The cliffs were not more than a couple of hundred yards apart at the entrance, but as we advanced they grew nearer and nearer, until a half company in close order could hardly march abreast.
A sort of twilight reigned in this strange valley, and the dim, uncertain light made the great, basalt rocks loom up vague and fantastic. There was no path, and the ground was most uneven, but I pushed on briskly, cautioning my fellows to have their fingers on their triggers, for I could see that we were nearing the point where the two cliffs would form an acute angle with each other.
At last we came in sight of the place. A great pile of boulders was heaped up at the very end of the pass, and among these our fugitives were skulking, entirely demoralised apparently, and incapable of resistance. They were useless as prisoners, and it was out of the question to let them go, so there was no choice but to polish them off.
Waving my sword, I was leading my men on, when we had a most dramatic interruption of a sort which I have seen once or twice on the boards of Drury Lane, but never in real life.
In the side of the cliff, close to the pile of stones where the Hillmen were making their last stand, there was a cave which looked more like the lair of some wild beast than a human habitation.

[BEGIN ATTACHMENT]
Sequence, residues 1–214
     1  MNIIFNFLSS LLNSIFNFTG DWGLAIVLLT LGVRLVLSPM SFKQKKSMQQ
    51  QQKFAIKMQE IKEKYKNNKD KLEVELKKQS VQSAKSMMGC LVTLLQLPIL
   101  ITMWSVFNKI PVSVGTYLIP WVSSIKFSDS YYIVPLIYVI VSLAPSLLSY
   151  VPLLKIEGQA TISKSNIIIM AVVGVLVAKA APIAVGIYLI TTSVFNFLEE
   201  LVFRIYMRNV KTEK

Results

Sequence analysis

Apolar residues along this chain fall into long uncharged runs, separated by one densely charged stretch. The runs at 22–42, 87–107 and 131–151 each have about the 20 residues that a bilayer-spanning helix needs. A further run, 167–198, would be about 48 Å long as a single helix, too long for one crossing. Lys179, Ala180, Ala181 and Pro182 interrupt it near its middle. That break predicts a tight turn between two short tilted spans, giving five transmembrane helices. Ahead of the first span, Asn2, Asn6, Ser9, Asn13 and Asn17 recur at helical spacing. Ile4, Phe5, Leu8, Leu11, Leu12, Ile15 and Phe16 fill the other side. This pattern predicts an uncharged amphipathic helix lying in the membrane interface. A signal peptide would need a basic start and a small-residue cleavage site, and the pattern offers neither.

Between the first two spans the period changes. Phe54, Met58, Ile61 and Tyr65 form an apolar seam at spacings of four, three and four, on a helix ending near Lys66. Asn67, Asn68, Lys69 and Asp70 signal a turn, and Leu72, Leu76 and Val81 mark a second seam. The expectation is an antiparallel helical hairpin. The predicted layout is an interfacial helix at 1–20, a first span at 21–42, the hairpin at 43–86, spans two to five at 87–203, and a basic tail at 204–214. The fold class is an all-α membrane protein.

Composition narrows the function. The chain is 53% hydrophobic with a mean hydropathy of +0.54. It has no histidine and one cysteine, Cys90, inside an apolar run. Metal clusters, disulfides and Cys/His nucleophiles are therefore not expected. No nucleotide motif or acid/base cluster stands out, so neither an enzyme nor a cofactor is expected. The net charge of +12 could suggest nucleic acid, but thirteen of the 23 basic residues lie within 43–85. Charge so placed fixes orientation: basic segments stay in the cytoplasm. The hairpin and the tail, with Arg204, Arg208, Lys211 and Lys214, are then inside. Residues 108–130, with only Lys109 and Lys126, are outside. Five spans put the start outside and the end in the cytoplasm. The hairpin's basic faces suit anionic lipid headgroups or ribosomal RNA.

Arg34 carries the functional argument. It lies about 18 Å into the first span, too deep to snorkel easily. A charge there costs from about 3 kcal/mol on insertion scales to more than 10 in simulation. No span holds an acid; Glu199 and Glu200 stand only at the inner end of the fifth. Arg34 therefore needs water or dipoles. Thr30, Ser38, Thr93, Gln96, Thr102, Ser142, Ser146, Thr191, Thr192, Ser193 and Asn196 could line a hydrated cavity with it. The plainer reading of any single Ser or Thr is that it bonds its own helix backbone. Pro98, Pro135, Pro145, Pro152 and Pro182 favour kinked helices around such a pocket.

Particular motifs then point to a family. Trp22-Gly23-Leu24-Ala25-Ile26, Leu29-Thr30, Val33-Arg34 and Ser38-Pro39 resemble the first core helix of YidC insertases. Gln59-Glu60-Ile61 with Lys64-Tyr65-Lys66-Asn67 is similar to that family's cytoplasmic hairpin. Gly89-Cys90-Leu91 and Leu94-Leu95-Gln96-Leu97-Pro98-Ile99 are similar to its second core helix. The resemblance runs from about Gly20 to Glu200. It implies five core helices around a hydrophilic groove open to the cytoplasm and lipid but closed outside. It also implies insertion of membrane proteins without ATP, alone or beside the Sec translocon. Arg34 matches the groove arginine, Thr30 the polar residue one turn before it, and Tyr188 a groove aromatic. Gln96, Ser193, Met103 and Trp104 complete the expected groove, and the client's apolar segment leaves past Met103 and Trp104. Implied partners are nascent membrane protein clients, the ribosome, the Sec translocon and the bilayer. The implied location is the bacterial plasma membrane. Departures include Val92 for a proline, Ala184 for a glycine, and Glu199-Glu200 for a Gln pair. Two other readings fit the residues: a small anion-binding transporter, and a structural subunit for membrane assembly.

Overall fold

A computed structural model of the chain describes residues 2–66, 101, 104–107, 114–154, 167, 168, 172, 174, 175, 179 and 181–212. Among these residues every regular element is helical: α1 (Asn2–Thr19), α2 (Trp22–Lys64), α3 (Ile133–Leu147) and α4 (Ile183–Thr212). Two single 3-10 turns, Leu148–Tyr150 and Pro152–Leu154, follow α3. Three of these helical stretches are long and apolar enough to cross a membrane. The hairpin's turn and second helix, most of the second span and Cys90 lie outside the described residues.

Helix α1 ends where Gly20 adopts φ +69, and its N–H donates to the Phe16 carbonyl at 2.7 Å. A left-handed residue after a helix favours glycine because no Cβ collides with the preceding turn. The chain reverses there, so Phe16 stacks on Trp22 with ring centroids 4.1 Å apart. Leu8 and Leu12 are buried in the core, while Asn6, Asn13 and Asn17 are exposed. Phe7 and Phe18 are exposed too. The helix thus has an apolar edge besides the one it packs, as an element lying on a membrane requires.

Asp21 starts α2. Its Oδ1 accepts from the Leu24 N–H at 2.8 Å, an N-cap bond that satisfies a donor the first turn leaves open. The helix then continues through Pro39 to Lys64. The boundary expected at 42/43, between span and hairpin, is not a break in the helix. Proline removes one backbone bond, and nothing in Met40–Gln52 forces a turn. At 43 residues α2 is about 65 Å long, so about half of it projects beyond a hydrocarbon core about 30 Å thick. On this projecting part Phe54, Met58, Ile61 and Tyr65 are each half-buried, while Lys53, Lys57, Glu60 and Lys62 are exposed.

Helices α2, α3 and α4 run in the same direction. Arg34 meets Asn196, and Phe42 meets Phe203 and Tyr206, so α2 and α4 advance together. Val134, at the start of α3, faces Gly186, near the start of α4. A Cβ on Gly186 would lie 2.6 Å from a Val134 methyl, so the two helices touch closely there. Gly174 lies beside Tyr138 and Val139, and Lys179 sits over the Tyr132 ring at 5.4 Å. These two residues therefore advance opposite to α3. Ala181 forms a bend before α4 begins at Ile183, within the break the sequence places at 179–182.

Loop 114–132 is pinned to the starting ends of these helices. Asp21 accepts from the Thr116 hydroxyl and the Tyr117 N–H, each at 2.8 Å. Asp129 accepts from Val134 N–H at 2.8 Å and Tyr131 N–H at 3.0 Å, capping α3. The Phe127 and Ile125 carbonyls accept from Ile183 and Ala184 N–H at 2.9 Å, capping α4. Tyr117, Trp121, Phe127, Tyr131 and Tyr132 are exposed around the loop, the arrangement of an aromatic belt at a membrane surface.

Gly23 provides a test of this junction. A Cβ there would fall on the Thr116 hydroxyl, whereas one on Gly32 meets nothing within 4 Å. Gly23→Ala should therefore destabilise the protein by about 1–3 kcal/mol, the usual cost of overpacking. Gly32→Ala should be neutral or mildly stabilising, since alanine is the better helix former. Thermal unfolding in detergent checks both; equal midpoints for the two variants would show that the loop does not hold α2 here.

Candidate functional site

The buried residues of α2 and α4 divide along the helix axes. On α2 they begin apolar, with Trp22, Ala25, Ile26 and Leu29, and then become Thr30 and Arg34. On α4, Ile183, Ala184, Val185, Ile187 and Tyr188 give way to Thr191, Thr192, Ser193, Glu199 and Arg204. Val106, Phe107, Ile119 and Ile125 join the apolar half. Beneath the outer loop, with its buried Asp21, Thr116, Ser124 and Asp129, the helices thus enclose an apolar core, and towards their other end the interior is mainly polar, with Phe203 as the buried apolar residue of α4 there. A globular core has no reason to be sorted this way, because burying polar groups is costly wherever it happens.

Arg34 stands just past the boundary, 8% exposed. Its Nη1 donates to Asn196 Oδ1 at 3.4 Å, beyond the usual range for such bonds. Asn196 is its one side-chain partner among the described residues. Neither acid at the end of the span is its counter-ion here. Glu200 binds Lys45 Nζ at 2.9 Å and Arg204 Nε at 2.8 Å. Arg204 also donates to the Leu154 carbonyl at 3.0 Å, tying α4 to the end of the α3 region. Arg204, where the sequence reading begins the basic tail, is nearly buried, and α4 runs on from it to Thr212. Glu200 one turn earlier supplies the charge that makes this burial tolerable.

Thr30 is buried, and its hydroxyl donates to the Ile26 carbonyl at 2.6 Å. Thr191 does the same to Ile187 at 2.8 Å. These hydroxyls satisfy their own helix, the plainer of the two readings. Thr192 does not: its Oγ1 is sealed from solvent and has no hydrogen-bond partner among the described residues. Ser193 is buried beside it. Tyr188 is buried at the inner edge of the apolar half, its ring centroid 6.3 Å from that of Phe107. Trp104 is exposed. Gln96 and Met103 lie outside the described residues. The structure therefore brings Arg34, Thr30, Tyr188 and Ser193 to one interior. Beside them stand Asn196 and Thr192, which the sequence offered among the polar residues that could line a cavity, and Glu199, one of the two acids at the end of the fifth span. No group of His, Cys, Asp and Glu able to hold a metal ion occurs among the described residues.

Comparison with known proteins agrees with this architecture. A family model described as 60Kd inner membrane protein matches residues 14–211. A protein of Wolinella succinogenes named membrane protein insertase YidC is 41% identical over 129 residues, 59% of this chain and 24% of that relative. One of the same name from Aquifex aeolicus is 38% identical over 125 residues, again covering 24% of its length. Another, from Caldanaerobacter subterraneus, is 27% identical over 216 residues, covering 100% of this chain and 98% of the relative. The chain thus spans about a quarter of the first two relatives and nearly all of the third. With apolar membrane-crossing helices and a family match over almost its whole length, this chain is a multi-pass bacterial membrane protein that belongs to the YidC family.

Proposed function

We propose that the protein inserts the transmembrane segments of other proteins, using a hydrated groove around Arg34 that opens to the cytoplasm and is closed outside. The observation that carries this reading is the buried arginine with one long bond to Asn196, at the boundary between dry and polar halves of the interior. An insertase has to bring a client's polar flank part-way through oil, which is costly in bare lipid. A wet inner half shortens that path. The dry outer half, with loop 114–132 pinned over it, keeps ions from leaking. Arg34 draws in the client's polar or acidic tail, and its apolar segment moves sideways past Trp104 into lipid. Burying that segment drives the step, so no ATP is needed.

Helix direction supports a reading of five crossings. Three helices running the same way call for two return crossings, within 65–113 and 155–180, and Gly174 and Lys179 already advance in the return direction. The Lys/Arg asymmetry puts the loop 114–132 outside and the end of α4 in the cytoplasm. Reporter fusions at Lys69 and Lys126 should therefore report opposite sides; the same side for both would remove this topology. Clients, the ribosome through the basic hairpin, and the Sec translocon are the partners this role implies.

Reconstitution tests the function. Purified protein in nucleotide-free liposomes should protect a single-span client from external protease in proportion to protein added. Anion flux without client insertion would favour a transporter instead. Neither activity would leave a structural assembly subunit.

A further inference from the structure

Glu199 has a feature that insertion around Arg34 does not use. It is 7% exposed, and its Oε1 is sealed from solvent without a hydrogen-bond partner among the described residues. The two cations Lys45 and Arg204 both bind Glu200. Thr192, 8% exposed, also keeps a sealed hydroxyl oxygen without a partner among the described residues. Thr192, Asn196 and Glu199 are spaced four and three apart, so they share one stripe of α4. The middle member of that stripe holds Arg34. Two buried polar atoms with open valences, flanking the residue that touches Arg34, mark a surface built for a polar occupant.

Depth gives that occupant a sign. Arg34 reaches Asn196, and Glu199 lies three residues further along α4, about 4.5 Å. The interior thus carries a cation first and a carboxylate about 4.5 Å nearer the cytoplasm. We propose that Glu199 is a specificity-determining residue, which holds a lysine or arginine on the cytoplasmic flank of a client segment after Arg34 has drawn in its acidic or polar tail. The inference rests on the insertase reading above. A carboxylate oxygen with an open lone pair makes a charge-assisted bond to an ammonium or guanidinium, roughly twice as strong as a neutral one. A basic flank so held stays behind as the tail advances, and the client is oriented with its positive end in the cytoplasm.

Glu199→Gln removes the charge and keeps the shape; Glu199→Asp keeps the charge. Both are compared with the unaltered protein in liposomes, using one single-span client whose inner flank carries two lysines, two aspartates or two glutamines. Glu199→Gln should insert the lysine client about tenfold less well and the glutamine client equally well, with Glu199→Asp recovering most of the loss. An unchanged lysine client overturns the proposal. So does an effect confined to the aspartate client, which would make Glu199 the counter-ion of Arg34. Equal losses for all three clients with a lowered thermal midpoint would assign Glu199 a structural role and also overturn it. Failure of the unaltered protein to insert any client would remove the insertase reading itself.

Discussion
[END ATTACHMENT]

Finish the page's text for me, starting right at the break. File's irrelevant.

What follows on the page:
Out of this dark archway there suddenly emerged an old man — such a very, very old man that all the other veterans whom I have seen were as chickens compared with him. His hair and beard were both as white as snow, and each reached more than half-way to his waist. His face was wrinkled and brown and ebony, a cross between a monkey and a mummy, and so thin and emaciated were his shrivelled limbs that you would hardly have given him credit for having any vitality left, were it not for his eyes, which glittered and sparkled with excitement, like two diamonds in a setting of mahogany.
This apparition came rushing out of the cave, and, throwing himself between the fugitives and our fellows, motioned us back with as imperious a sweep of the hand as ever an emperor used to his slaves.
“Men of blood,” he cried, in a voice of thunder, speaking excellent English, too —“this is a place for prayer and meditation, not for murder. Desist, lest the wrath of the gods fall upon you.”
“Stand aside, old man,” I shouted. “You will meet with a hurt if you don’t get out of the way.”